Wells and Mendip Museum
|Location||Wells, Somerset, England|
The Wells and Mendip Museum is a small museum next to Wells Cathedral in the city of Wells. It is a registered charity and an accredited member of the Museums, Libraries and Archives Council. The exhibits include items of local history and archaeological finds. The museum charges a fee of £3 for entry, but the ticket is valid for a year.
The museum is housed in the former Chancellors' House, with 15th-century origins, however most of the current fabric of the building is from the 17th and 18th centuries. The stone building has gabled roofs of Welsh slate. A small entrance hall provides access to a staircase hall leading to a salon in gothic revival style with a marble fireplace. The front of the building was remodelled around 1828 and the rear includes a 20th-century extension. It has been designated as a Grade II listed building.
It was founded by Herbert E. Balch in 1893, to display his collection of local artefacts and memorabilia, and further exhibits have been added since. It is run by the Wells Natural History and Archaeological Society and moved from its original site in the Cathedral cloister to its present home in 1932.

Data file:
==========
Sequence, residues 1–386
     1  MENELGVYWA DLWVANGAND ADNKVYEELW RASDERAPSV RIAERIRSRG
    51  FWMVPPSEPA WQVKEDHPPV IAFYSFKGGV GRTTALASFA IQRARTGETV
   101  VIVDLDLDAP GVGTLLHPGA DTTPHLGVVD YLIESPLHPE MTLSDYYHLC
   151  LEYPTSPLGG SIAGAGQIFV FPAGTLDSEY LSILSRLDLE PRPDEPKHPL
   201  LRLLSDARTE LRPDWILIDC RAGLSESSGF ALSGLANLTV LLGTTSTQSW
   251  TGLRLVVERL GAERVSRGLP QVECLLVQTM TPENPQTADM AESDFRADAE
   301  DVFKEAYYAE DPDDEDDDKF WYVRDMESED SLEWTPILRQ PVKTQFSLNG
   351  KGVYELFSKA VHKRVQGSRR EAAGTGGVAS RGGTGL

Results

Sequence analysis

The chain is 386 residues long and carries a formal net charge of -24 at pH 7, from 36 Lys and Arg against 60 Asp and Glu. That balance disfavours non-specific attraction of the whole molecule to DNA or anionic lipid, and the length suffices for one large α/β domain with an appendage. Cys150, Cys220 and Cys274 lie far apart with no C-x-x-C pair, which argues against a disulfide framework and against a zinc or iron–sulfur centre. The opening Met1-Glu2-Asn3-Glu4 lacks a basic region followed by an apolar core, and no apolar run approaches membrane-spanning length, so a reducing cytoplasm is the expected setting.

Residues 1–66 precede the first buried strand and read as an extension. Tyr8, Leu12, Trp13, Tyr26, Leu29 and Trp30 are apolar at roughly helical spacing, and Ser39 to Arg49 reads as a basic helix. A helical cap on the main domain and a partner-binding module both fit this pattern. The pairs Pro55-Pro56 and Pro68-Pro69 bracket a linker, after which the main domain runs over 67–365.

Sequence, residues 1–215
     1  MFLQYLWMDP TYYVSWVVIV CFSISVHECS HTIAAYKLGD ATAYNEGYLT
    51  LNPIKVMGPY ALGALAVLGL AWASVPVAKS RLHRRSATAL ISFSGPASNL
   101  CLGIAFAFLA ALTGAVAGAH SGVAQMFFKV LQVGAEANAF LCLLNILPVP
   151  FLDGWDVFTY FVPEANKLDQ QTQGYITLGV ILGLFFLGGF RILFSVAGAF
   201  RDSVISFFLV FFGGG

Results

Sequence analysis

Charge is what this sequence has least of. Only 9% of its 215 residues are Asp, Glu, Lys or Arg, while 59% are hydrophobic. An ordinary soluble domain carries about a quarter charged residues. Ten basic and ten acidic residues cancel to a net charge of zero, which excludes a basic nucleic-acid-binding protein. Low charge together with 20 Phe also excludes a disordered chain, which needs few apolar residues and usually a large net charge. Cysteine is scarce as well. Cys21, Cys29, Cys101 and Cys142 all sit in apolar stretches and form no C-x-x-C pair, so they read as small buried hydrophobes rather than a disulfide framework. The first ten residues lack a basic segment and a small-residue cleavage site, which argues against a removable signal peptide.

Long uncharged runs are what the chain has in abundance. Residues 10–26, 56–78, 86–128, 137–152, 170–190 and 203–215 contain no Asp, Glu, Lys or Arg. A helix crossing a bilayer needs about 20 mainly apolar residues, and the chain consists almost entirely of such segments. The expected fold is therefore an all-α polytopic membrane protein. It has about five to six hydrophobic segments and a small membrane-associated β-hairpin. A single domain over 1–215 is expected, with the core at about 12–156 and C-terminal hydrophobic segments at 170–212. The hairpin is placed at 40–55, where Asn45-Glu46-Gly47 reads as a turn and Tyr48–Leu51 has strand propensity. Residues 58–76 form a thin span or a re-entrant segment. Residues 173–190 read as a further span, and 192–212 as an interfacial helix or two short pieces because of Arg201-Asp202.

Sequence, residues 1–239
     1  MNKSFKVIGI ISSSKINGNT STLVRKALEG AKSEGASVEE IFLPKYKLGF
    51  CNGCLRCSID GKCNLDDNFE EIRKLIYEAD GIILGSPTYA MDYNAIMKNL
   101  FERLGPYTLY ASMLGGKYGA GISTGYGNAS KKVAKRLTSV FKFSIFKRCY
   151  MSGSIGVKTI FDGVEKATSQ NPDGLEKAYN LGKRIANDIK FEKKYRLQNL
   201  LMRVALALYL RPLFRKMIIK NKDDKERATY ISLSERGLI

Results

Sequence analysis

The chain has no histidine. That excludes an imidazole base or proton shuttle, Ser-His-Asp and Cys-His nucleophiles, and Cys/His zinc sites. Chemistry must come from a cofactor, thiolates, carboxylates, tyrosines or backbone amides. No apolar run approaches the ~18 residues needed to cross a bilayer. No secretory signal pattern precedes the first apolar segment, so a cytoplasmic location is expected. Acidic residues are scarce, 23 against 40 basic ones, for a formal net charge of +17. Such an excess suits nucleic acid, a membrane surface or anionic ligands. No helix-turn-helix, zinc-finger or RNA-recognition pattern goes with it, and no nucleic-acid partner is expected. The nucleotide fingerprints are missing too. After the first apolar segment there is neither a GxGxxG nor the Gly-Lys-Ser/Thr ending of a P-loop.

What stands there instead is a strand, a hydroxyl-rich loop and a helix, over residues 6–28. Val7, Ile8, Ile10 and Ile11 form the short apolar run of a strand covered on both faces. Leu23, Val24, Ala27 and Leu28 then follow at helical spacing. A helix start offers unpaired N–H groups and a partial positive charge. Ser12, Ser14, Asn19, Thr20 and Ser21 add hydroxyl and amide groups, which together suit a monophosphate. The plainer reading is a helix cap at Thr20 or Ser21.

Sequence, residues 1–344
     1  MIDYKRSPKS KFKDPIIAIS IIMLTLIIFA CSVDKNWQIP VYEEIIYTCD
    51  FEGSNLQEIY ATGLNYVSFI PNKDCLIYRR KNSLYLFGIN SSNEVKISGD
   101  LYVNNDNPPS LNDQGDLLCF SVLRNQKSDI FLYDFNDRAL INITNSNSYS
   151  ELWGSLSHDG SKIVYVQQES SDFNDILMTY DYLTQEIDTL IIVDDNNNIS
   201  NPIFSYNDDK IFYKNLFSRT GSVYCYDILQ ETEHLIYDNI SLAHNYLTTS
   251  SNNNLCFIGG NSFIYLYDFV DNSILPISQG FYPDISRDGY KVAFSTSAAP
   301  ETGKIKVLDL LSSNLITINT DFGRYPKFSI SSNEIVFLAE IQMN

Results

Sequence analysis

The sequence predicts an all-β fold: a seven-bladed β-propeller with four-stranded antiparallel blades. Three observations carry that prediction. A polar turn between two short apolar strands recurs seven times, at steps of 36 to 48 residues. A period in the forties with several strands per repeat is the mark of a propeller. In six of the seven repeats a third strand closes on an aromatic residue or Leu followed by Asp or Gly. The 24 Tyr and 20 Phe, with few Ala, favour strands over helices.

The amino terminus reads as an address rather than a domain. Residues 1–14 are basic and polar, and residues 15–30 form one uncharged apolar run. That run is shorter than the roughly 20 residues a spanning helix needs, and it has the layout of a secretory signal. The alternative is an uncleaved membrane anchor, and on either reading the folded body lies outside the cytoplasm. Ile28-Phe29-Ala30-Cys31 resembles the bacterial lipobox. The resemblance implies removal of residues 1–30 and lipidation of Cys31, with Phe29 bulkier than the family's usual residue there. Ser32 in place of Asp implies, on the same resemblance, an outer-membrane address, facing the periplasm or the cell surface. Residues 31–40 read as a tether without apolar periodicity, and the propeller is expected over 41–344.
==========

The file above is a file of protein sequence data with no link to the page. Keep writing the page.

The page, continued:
The Balch Room houses exhibits of geology and fossils collected from the Mendip Hills, many of which date from the Stone age and Iron ages. Other exhibits include lead ingots from Roman Britain, statuary from Wells Cathedral, and a collection of 18th century samplers. Speleological exhibits include a skeleton found by Balch in Wookey Hole Caves and thought to be that of the Witch of Wookey Hole; and a collection of animal bones found in 2004, when a cave was discovered in the car park of the Hunters Lodge Inn in Priddy.
- "Wells Museum". Images of England. English Heritage. Retrieved 2009-10-12.
- "Wells Natural History and Archaeological Society". Wells Museum. Retrieved 2009-10-11.
- "Row breaks out over cave bones". BBC News. 5 June 2004. Retrieved 12 October 2009.
- "Cave network found under car park". BBC News. 19 March 2004. Retrieved 12 October 2009.